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Good Question: How Has Air Travel Changed?

MINNEAPOLIS (WCCO) -- In March, Delta Airlines will start offering five different levels of pricing, ranging from a bare-bones "basic economy" all the way to an elite first-class "Delta One" ticket.

It's a far cry from the 1960s, when airlines used to print their prices weeks in advance.

So, how has airline travel changed?

"I just remember it being easier, like pleasant," said Cindy Schwartz of Excelsior.

It's easy to romanticize the good stuff, like the food, dressing up or feeling special that you were one on the select few able to travel in the air.

In 1965, about 20 percent of people had flown at least once. By 2000, about half of all Americans were averaging one round-trip a year.

There also used to be more free space on the planes. In 1968, 46 percent of the seats were filled. By 2012, it jumped to 83 percent.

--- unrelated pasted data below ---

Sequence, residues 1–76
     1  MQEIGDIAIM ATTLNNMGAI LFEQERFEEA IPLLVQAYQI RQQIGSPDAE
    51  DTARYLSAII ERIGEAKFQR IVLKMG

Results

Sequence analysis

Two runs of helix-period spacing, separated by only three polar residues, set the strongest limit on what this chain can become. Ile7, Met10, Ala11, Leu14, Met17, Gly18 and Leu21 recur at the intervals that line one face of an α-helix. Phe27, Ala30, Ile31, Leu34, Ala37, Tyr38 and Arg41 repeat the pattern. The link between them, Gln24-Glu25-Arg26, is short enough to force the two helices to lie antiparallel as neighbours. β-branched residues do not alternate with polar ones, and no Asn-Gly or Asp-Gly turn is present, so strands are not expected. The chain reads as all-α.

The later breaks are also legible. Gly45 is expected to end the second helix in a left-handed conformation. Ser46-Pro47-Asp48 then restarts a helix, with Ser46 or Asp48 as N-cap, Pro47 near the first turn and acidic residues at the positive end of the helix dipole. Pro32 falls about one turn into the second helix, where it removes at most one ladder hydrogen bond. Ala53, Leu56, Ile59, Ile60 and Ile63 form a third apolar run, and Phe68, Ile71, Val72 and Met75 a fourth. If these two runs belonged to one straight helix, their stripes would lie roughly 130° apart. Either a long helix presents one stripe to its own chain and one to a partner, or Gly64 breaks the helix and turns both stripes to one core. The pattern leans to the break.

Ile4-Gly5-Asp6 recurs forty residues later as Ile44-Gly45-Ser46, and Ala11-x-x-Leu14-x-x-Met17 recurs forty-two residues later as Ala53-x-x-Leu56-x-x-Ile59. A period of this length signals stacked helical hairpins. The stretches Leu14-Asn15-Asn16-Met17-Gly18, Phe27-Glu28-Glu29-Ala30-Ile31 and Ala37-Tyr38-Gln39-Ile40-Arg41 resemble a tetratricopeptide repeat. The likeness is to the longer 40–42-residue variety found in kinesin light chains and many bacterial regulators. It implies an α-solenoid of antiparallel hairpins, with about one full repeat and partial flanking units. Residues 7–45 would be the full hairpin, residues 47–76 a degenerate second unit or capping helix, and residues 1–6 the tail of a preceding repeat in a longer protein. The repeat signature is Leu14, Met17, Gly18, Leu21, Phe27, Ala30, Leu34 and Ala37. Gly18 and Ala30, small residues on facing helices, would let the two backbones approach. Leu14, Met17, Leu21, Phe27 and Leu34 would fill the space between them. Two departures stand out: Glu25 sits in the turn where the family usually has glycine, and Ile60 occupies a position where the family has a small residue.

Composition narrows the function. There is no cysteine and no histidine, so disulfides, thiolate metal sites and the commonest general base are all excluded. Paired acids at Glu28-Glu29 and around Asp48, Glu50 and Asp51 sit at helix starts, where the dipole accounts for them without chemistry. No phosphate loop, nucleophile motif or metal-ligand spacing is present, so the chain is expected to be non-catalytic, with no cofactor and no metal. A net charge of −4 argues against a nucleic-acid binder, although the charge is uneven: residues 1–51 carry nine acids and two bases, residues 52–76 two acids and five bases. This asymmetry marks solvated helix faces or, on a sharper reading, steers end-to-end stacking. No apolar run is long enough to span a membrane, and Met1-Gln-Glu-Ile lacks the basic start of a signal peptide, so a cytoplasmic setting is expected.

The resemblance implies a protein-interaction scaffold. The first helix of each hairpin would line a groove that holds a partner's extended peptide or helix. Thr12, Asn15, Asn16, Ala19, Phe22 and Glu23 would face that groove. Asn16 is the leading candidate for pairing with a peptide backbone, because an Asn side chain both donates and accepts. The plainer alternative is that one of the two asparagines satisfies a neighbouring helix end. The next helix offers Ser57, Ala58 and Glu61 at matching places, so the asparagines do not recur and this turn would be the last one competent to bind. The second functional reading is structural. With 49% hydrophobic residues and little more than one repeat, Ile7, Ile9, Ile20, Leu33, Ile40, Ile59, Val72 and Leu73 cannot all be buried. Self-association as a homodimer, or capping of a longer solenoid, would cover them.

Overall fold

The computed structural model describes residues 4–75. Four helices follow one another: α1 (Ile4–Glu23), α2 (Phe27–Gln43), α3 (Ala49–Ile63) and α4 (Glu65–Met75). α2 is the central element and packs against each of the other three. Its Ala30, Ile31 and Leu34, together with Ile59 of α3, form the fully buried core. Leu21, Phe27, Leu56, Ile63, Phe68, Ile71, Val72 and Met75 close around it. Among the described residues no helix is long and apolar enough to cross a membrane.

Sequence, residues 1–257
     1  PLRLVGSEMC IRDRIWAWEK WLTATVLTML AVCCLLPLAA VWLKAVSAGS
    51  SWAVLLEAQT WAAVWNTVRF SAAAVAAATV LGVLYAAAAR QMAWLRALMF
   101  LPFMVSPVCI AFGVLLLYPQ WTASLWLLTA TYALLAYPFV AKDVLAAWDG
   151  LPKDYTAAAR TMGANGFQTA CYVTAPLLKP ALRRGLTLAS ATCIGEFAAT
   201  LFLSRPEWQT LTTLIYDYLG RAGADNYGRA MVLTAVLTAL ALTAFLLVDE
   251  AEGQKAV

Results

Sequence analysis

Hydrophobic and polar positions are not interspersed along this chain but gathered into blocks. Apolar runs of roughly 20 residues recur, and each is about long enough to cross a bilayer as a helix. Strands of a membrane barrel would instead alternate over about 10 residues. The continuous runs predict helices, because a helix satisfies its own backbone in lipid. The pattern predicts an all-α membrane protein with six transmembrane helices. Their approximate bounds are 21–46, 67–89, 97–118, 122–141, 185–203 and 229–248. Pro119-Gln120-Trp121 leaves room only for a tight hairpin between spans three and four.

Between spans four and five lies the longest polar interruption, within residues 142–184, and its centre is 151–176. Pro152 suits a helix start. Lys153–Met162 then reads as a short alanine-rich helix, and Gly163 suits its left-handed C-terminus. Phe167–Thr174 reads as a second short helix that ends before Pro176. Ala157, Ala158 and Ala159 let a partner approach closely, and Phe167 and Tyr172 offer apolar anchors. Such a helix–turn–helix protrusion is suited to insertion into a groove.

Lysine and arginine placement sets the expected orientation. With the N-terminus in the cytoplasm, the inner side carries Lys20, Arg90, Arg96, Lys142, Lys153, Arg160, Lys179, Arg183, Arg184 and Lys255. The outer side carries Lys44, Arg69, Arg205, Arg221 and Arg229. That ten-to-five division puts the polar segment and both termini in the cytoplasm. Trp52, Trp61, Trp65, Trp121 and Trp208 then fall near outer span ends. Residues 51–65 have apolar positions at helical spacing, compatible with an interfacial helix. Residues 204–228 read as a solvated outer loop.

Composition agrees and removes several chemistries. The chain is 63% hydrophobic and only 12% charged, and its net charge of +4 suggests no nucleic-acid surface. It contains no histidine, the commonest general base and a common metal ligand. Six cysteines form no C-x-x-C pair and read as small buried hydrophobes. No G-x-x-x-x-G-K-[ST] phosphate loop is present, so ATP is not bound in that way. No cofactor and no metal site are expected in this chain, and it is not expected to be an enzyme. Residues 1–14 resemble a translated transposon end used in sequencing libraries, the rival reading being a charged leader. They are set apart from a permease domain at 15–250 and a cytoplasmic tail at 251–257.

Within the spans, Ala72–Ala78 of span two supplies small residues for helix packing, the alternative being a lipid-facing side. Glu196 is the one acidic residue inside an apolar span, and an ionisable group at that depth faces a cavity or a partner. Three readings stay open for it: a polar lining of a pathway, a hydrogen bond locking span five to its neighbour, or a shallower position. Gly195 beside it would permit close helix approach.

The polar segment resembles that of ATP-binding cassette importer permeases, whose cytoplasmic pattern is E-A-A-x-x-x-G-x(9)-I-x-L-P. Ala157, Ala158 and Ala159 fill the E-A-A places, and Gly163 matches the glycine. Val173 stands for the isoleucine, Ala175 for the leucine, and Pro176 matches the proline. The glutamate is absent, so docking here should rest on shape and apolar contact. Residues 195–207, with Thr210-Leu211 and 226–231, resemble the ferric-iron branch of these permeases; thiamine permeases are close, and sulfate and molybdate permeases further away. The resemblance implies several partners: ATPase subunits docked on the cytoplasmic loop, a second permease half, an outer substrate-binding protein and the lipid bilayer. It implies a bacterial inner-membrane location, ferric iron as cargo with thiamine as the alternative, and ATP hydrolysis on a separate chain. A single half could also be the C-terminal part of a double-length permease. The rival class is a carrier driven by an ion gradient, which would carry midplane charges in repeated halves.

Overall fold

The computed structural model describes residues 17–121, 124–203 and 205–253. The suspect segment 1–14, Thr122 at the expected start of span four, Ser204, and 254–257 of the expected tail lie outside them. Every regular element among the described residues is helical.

"It's probably more affordable, but it's not as enjoyable," said Bruce Kitt, executive director of the NWA History Centre.

According to Airlines for America, a ticket in 1941 from Boston to Los Angeles would cost $4,397 in today's dollars. It took 15 hours with six stops.

By 1974, a cross-country trip was closer to $1,450. Now, it averages $500. Experts point to deregulation of the airline industry in the 1970s as a big factor driving down prices.

Seat size has changed as well.

"Some seats are really close and it's more crowded than it was years ago," said Sharon Danielson of Rice Lake. "But then there are some flights that are really comfy."

An analysis by USA Today found the he distance between the seats, as well as seat width, has shrunk between 1-2 inches since the mid-1980s.

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